Inside art with Lewis Hazelwood-Horner
One of the artists featured in our upcoming exhibition “Atelier | the Art of Representation” is Lewis Hazelwood-Horner. Hazelwood-Horner finds inspiration in the art residencies he's occupied, for companies as diverse as James Smith & Sons, the umbrella makers; Holland and Holland, the gunmakers; Lobbs the bespoke boot makers, and various breweries including the Truman Brewery and the Redemption Brewery.
How did you first get into art and painting?
"I was fortunate to have parents who love art. From a young age I was taken to exhibitions and always encouraged in creative pursuits."
Why did you choose representational art over other art forms?
"As a young painter I saw the need to have a grounding of drawing as a tool. This doesn’t mean I’m tied to only producing work in a representational art form but that I am confident when executing works in this field."
How would you describe your style?
"I suppose all the works for me are the glorification of paint, like a playground of surface where I manipulate paint in all different ways. Sometimes it works. If I were to pigeonhole myself to one specific style it might impede on future works."
Who are you inspirations?
"Nicolai Fechin, the Russian master, is my greatest influence.
I have a selection of books which I delve into when I'm in need of guidance. I recently purchased a book on Alex Kanevsky from the Dolby Chadwick gallery."
Lewis's favourite painting by Nicolai Fechin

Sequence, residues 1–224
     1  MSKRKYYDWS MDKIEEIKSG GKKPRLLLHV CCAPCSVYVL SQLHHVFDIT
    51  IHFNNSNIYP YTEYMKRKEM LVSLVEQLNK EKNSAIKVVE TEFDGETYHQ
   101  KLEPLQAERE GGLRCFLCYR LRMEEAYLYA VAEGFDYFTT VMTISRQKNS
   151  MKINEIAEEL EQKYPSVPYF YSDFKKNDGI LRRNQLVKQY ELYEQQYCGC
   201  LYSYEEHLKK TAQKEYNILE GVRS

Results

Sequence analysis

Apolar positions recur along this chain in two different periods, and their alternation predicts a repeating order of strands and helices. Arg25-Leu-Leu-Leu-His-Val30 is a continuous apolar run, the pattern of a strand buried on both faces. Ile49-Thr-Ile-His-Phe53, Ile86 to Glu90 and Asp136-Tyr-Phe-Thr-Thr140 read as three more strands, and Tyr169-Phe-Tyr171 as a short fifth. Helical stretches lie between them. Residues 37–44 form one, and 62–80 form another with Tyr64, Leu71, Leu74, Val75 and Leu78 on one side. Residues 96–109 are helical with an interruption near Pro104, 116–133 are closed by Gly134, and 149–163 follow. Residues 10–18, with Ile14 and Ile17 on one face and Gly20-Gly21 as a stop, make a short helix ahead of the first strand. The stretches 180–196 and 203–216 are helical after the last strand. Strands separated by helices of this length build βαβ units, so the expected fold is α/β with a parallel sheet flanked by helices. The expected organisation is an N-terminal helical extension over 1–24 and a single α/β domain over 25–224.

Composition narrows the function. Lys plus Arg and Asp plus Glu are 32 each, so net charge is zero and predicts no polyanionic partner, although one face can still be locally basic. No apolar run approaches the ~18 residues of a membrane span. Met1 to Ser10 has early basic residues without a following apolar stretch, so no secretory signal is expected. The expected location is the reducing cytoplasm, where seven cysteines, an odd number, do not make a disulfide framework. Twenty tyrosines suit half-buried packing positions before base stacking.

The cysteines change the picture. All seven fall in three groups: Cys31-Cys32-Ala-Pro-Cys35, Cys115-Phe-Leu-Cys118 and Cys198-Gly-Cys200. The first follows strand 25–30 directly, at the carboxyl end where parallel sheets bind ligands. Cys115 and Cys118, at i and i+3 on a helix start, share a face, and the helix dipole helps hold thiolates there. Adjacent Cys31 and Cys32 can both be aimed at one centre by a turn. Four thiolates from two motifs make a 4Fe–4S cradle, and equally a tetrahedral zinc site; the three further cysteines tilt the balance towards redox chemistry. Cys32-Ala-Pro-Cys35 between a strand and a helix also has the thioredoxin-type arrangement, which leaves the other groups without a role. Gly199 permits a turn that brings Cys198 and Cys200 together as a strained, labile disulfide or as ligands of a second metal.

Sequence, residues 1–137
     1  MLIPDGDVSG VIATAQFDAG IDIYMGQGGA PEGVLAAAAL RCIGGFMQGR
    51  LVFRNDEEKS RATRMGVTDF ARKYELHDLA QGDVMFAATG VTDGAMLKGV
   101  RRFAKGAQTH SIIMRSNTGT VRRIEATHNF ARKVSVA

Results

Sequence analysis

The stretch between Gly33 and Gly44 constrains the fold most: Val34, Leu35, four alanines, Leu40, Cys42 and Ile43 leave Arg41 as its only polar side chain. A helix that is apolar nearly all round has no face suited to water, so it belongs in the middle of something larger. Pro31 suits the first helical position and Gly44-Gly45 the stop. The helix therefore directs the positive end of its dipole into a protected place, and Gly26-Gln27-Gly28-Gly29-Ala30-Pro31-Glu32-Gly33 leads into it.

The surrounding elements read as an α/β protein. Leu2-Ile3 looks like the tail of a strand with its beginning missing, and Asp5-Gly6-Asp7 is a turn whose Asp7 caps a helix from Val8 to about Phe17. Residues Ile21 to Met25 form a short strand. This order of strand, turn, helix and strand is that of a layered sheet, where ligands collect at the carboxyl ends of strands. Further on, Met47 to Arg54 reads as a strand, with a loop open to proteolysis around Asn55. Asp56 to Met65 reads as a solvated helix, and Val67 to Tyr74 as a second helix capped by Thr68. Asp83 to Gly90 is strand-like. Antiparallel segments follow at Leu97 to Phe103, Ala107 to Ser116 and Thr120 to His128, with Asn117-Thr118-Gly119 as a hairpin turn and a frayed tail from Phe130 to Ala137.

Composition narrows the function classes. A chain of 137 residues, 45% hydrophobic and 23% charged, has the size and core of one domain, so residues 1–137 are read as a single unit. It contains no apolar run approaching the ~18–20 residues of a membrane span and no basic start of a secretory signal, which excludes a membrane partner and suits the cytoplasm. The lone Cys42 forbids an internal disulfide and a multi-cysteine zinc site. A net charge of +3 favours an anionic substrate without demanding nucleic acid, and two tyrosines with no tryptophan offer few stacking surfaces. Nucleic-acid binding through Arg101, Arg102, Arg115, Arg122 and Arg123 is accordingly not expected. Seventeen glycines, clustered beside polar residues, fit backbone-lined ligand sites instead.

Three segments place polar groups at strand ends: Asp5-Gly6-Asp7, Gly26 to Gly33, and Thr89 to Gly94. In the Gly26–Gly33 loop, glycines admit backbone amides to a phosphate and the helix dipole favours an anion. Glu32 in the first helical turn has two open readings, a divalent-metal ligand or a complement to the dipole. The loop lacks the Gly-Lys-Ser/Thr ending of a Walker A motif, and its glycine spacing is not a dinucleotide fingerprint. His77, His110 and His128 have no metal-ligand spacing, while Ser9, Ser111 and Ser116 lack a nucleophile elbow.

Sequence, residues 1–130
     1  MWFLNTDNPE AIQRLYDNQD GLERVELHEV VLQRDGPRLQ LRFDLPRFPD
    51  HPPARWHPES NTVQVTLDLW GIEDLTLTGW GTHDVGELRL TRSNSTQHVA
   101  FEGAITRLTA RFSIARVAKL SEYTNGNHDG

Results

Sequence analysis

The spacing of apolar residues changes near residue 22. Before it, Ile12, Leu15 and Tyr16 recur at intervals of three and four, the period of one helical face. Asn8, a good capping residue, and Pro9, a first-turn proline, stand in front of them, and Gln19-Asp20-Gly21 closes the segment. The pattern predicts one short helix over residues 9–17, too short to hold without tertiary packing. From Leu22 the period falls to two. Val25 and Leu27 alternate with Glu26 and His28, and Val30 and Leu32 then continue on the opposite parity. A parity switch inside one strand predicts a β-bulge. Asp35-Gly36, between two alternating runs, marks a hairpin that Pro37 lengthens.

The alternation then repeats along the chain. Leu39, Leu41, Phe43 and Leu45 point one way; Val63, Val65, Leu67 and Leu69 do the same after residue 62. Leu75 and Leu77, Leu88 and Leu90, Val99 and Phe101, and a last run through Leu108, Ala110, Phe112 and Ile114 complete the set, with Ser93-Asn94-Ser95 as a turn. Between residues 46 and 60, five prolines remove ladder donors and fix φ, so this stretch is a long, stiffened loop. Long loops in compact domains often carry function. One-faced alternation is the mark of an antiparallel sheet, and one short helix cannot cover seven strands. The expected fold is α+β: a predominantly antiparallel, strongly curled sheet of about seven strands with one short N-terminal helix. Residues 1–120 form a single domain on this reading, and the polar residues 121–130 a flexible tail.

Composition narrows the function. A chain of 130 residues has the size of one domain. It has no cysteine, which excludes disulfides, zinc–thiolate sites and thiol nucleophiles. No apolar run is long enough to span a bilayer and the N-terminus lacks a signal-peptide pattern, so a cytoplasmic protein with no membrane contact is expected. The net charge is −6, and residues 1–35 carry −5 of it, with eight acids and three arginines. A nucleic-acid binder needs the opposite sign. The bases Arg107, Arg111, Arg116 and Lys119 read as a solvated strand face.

What do you think was the richest era for painting?
"The turn of the 19th century stands out for me as being a key influence on my work, both with subject matter, but more noticeably for colours, with
the introduction of so many new paints. It came about almost entirely as a result of the demand at the time for textile dyes. I see that period
as polar opposite to the representational work produced now, where dark and atmospheric works are more favoured."
What techniques did you learn at LARA and how do you apply them in your current work?
"The foundation of my teaching was in the sight-size method, but another technique I learnt at LARA was called ghosting; when working on a cast drawing, you use a putty rubber pressed thin to lightly remove some of the charcoal leaving a ‘ghost like’ copy of the image behind, I have admittedly adapted this technique to my painting practise. When I am unhappy with an area of a work, I will go through several grades of abrasive paper and wire wool reworking a surface until smooth, only to work on it again, but having created a faded image as a footing.
I chose to study at LARA after visiting at one of their open days and talking to students who were already studying there. There is a real sense of energy and life to the work that was being created by these fellow artists and I was compelled to enrol."